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Opened 10 years ago

Last modified 5 years ago

#26475 new defect (bug)

Hierarchical meta box display issues when messing around with new terms

Reported by: ericlewis's profile ericlewis Owned by:
Milestone: Priority: normal
Severity: normal Version: 3.8
Component: Taxonomy Keywords: has-patch
Focuses: Cc:


There are some bugs with the hierarchical taxonomy box, especially when the post is related to only some terms in a hierarchical chain.

Attaching video of the bug.

Steps to reproduce:

  1. Create a new post
  2. In the taxonomy meta box, create an old testament term.
  3. Create a Job term as a child of old testament.
  4. Uncheck old testament.
  5. Add a new term genesis as a child of old testament.
  6. Add a new term numbers as a child of old testament.

Attachments (4) (3.9 MB) - added by ericlewis 10 years ago.
screen recording of the bug
26475.patch (1.9 KB) - added by tyxla 9 years ago.
Display and preserve the full hierarchy of any selected item in the category selection list in the Edit Post screen.
26475.tests.patch (3.5 KB) - added by tyxla 9 years ago.
Clumsy tests for wp_terms_checklist().
26475.tests.2.patch (2.6 KB) - added by tyxla 9 years ago.
Less fragile unit tests - using assertRegExp() instead of assertContains()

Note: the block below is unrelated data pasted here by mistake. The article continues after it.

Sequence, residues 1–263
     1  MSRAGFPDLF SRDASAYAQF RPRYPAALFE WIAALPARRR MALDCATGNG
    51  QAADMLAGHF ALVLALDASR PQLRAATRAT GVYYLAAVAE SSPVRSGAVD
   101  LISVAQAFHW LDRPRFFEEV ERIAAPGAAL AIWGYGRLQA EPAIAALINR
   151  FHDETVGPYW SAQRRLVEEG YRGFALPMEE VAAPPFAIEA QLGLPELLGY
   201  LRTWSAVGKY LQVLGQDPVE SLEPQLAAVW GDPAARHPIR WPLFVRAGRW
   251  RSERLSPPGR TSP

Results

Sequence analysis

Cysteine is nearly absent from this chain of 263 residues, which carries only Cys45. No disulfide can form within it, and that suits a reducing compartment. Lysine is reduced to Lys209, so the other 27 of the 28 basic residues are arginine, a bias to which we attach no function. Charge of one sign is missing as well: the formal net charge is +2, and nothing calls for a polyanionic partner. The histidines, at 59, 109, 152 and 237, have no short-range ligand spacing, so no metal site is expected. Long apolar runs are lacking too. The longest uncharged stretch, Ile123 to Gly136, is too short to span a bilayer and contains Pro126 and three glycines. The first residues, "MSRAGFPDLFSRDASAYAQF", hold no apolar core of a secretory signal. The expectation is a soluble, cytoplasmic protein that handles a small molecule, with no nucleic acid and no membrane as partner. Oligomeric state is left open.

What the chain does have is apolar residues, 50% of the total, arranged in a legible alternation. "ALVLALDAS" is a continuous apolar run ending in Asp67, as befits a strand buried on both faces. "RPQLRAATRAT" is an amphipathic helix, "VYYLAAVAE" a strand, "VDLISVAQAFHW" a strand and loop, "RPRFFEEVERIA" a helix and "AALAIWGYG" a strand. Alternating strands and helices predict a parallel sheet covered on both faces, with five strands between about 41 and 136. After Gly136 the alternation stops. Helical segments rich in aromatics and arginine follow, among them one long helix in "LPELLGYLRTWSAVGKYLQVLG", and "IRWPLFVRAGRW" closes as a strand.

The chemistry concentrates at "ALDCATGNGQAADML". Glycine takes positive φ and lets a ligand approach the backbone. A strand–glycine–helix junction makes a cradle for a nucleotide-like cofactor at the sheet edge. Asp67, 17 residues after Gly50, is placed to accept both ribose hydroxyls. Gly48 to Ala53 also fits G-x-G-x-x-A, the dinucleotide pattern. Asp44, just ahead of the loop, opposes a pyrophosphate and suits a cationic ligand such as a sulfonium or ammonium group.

Change History (12)

10 years ago

screen recording of the bug

#1 @ericlewis
10 years ago

  • Summary changed from Breaking the hierarchical meta box to Hierarchical meta box display issues when messing around with new terms

#2 @wonderboymusic
10 years ago

  • Keywords needs-patch added
  • Milestone changed from Awaiting Review to Future Release

So, that bug is weird and terrible - needs a patch, would be good to fix this for 4.0

#3 @tyxla
9 years ago

I just encountered this issue on a site I was working on, it appears it still keeps occuring. Really weird behavior indeed.

After investigating in-depth, I discovered that this is actually related with the checked_ontop argument of wp_terms_checklist(), which is used for the category selection box in the Edit Post screen.